Lancaster:  I’m going to interject a little. We’re a 20-year MSP. We’ve been around a long time so we’ve got processes, really regimented, standardized processes, for onboarding our customers’ new employees, creating new user accounts, that sort of thing, and also off-boarding them when they leave. When a customer terminates one of their employees, we have a checklist of things that need to be done. One of those steps for one of our big clients was they wanted — before we turned off the Office 365 account—they wanted us to archive those emails. I’ll let Javier continue now because that was a huge pain for us…

Caporal:  That’s right. There’s no way to do that except through Outlook. Even with PowerShell, that wasn’t possible. When we were at the Kaseya conference, I noticed that 365 Command had the ability to export Office 365 mailboxes to PST files, and I had to try it. Within the same week I tried it, built it into the procedure that I had for one of my clients, and I haven’t changed it. It’s been like that since.

Is it true that it used to take an hour or two to off-board a single Office 365 user?

Caporal: Yeah, yeah. We would have to configure the account on the terminal server because sometimes the ex-employee’s computer was already back in circulation. So we had to configure the account, sync it to Office 365, then manually export the email to a PST file. Depending on the size of the mailbox, it was an additional hour, hour-and-a-half of work.

We’ve now reduced that time to 15 minutes—and that’s only because we track our time in 15 minute increments. The actual time is less than that.  We just pick the mailbox to be exported in 365 Command, kick off the export, then wait to get notified through the email when it’s done. Then it’s just a matter of downloading it to where we want to store it.

I couldn’t even imagine doing that through Outlook. My head would start to hurt if I think of how work it would have took to just get that done without 365 Command.

How else has the solution justified its use?

Lancaster:  For every tool an MSP takes on, it has to do one of two things: It has to add enough value to his service stack that he can upcharge for it. In other words, allow him to raise his prices because what he’s able to do with the addition of the new tool is now so cool that he can raise his price to cover the cost of it. Or it’s got to save enough time to justify the expenditure and keep his price the same. This tool fell into that latter category. The ROI for us was almost immediate just based on the time savings that we were able to achieve archiving mail, believe it or not. It was worth it for that by itself.

What was the implementation process like?

Caporal: Just logged in and created a console, loaded our first client in and we were off to the races.

Can you tell us more about how you use reporting?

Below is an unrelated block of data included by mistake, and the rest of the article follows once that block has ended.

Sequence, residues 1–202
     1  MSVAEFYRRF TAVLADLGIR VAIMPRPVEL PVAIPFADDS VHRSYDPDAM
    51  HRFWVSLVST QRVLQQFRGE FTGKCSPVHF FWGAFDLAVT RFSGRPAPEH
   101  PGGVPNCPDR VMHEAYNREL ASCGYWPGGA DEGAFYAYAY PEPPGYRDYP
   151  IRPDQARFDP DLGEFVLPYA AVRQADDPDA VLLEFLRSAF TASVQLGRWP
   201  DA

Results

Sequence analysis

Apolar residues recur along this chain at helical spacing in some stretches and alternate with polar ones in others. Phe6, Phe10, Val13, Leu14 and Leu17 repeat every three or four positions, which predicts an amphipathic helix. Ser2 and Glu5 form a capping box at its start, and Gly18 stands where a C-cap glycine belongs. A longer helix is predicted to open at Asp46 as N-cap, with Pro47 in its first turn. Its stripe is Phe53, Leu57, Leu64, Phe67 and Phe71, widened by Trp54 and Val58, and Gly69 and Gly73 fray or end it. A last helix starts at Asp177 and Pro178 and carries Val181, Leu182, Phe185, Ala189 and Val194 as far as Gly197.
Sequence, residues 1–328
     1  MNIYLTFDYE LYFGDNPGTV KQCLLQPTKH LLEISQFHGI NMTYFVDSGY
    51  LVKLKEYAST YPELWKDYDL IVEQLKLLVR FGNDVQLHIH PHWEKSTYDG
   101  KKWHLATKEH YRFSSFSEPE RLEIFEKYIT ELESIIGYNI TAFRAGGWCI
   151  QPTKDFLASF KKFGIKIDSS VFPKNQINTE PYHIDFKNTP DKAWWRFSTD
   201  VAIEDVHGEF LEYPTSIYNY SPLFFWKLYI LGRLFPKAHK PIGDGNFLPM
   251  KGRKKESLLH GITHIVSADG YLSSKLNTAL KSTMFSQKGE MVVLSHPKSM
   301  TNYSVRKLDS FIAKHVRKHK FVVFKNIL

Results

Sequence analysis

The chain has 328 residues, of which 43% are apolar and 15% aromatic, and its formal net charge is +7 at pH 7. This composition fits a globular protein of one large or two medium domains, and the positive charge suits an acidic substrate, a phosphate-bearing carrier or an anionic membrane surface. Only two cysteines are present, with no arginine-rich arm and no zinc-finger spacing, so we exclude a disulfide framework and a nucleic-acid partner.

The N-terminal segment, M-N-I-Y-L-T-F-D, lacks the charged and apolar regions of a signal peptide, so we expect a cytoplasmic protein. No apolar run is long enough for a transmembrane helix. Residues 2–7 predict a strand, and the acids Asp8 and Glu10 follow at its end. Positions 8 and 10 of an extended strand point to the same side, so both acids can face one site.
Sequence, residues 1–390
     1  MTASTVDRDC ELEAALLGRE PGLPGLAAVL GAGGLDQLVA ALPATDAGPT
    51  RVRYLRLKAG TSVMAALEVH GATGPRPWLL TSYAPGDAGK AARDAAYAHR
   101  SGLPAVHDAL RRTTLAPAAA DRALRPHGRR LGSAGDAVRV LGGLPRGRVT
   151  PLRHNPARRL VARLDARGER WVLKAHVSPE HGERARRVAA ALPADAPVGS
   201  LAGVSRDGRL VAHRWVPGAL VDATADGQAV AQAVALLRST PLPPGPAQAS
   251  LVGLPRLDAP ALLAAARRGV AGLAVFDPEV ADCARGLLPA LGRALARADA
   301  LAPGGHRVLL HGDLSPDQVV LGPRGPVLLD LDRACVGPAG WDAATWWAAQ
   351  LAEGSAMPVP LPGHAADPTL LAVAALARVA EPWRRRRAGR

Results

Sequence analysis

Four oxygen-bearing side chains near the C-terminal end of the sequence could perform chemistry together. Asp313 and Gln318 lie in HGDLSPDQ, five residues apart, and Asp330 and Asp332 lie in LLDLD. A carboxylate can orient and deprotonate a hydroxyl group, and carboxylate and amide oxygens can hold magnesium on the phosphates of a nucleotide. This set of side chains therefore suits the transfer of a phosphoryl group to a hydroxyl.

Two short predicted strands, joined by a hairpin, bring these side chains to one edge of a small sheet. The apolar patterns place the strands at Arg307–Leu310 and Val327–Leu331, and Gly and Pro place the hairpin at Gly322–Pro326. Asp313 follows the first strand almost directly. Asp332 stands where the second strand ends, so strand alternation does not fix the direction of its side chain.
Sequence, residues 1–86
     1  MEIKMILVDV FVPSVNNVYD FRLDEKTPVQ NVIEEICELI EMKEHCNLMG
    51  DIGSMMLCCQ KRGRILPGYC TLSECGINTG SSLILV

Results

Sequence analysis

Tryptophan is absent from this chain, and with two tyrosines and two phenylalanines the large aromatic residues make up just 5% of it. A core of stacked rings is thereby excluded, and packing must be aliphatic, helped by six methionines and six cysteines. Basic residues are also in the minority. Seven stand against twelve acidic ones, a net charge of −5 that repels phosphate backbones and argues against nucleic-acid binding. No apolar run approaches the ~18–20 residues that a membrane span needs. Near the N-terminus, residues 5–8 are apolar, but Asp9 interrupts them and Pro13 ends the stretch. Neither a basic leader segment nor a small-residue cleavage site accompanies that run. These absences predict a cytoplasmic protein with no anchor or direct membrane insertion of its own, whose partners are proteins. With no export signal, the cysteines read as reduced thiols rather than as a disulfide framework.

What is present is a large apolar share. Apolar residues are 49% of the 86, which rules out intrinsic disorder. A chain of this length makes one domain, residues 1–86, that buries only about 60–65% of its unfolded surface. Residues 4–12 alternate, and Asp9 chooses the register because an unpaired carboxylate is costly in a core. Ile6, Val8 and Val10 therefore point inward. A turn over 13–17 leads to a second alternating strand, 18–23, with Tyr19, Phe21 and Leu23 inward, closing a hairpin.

Caporal:  The reporting and the newly added executive report, that is great. I used to send a report monthly. I would send four reports of things I thought the account manager would want to see.  Now I only send one.

Sometimes we have field techs that go onsite, they get questioned by clients. Now they have a report on the licensing, the users, which mailbox or the size of the mailbox, the password expiration date, anything.

Let’s talk more about ROI. Have you seen any business improvements that have helped your clients, less churn, scalability, higher margins or anything like that as a result of using 365 Command?

Lancaster:  Ours has been internal. The ROI for was almost immediate by just the time savings that we were able to achieve in just archiving email when we were in the off-boarding process. It’s allowed us to embrace Office 365 a lot more wholeheartedly.

Our customers don’t know anything about 365 Command. As long as their mail works, they don’t really care how it works.

We would not have 1,000 seats on Office 365 if we didn’t have this particular tool to manage it. It would be so labor-intensive that our clients would be struggling to justify their expenditures with us.

It is a much simpler, easier to use interface to the world of Office 365. It presents a much friendlier window into Office 365 that makes it easier to train the staff and keep them up to speed.

What was your biggest 365 Command surprise?

Caporal:  I encountered a scenario that applies to passwords changes. You can apply password policy on the tenant to multiple users or to a group of users. With 365 Command, you just log in, you pick the user and you tell it to exclude from password policy. It’s a couple of clicks. I no longer have to connect to my PowerShell and copy and paste my script into the screen and do it that way.

Posted by Doug Barney
Doug Barney was the founding editor of Redmond Magazine, Redmond Channel Partner, Redmond Developer News and Virtualization Review. Doug also served as Executive Editor of Network World, Editor in Chief of AmigaWorld, and Editor in Chief of Network Computing.